Major General Sir Edward Frederick William David Walugembe Mutebi Luwangula Muteesa II KBE, was Kabaka of the Kingdom of Buganda from 22 November 1939 until his death. He was the thirty-fifth Kabaka of Buganda and the first President of Uganda. The foreign press often referred to him as King Freddie, a name rarely used in Uganda.
Julian Bray writes: Current Events in Zimbabwe strongly suggest that a bloodless coup is in progress by the military and that President Mugabe is effectively under house arrest and will either be spirited out of the country or moved sideways. But what actually happens when the military moves in?
The last time I experienced an African coup was in Uganda around about the time that Britain had won the World Cup in 1966. King Freddie of Buganda (the largest of seven sovereign Kingdoms inside Uganda) had challenged the Kampala central government under the then president Milton Obote ( who was later ousted by the 'King of Scotland' the despot General Ida Amin Dada). Only Obote then had the Army and Air Force, poor King Freddie only had a big drum and some antique spears....he later died in exile in the UK.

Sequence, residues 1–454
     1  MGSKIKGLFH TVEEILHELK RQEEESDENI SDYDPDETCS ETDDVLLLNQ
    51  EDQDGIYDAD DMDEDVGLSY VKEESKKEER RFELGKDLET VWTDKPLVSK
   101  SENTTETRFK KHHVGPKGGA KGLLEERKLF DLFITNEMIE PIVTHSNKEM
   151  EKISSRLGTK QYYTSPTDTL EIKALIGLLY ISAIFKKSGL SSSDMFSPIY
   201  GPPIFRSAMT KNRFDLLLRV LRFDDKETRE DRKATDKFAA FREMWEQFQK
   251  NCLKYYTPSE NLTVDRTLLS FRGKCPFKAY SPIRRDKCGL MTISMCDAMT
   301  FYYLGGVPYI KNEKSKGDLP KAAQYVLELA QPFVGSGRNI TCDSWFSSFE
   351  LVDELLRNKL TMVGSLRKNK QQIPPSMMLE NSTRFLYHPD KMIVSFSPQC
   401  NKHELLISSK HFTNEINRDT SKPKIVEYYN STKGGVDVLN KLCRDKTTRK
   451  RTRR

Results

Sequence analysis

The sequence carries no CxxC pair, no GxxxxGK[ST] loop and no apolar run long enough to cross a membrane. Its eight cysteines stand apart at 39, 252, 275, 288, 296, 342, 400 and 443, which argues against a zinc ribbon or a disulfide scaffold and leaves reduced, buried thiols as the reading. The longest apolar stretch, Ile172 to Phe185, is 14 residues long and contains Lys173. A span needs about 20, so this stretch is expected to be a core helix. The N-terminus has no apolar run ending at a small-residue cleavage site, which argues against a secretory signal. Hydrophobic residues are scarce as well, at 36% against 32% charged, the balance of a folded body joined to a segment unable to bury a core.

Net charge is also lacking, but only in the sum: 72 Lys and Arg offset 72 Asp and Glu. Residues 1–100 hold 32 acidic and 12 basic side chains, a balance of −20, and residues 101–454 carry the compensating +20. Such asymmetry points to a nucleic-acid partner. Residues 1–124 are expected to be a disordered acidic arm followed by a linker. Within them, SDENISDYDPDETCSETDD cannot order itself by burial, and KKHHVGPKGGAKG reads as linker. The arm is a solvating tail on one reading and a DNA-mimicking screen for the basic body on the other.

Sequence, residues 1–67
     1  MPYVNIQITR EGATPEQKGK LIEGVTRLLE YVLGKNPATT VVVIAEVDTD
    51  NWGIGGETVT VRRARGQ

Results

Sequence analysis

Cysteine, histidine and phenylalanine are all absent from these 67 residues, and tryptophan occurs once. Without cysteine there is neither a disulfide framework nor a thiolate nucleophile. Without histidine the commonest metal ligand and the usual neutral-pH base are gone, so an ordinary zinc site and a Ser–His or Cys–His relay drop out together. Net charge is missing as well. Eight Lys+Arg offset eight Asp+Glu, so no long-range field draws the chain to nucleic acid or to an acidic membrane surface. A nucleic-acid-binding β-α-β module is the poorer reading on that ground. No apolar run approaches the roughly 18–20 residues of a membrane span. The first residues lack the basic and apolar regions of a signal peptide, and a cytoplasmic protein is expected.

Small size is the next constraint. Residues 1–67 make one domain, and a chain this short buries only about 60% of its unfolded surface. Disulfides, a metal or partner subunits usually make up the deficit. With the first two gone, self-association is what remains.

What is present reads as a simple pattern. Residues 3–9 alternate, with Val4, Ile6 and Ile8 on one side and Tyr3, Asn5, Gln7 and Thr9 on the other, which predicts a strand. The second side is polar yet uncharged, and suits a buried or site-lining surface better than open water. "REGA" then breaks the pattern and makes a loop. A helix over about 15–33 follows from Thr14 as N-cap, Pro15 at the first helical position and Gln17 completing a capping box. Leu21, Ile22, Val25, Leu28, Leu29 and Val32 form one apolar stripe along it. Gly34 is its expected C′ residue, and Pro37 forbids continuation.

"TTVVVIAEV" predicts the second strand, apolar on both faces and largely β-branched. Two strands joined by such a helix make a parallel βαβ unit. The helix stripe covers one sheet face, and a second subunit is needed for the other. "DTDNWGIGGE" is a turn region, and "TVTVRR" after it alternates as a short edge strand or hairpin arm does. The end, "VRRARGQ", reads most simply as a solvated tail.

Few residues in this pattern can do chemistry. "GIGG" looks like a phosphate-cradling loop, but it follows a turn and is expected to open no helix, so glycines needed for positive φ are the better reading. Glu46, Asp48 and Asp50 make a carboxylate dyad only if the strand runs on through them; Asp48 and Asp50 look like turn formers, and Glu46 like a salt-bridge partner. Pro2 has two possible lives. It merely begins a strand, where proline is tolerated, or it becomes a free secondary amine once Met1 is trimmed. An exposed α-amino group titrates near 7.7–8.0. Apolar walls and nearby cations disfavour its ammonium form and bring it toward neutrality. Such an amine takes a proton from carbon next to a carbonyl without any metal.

In Ugandas' case an immediate curfew was ordered and everyone told to stay inside and off the streets after 6pm to 9am the following morning. Quite good timing for my point of view as it was my Birthday in May 1966, so the pre-arranged party had to go on... all night, but well away from the windows.
Uganda TV was in its infancy, so the main method of communication was Uganda Radio, rather like an early BBC local radio set up and indeed the BBC had installed it just prior to independence, a few years earlier, no computers or telephones then just gramophone records and an EMI tape machine.
The military had moved armoured personnel carriers, jeeps and lorries onto every street corner and set up gun placements and army checkpoints. Barriers everywhere.
The checkpoints were a fiscal joke, as quickly the troops,still smiling, used them as a convenient way to earn some extra cash. Either pay up or endure a long search of your car. 20 Uganda shillings (about £1 sterling) was the going rate.
Military music on the radio initially replaced the light Congolese music favoured in Uganda at that time, but on Uganda TV the military tunes gave way to endless looped 'Booker T and the MGs Green Onions' ...the whole LP, both sides!
I'd forgotten that I had lent (gifted) the TV station my personal LP of Green Onions, and it became an instant hit with the TV station staff then operating out of the old redundant Kampala Hospital, replaced by the UKs Independence present to Uganda Mulago Hospital. One casualty of the curfew was my cook/ houseboy who ventured out after curfew for a packet of cigarettes. I had to bail him out (50 Uganda shillings)
Meanwhile MDC-T leader [Piers?] Morgan Tsvangirai has returned to Zimbabwe and will on Thursday hold a series of meetings with his party structures amid revelations his party is backing the current intervention by the military. Best of luck with that Morgan ...
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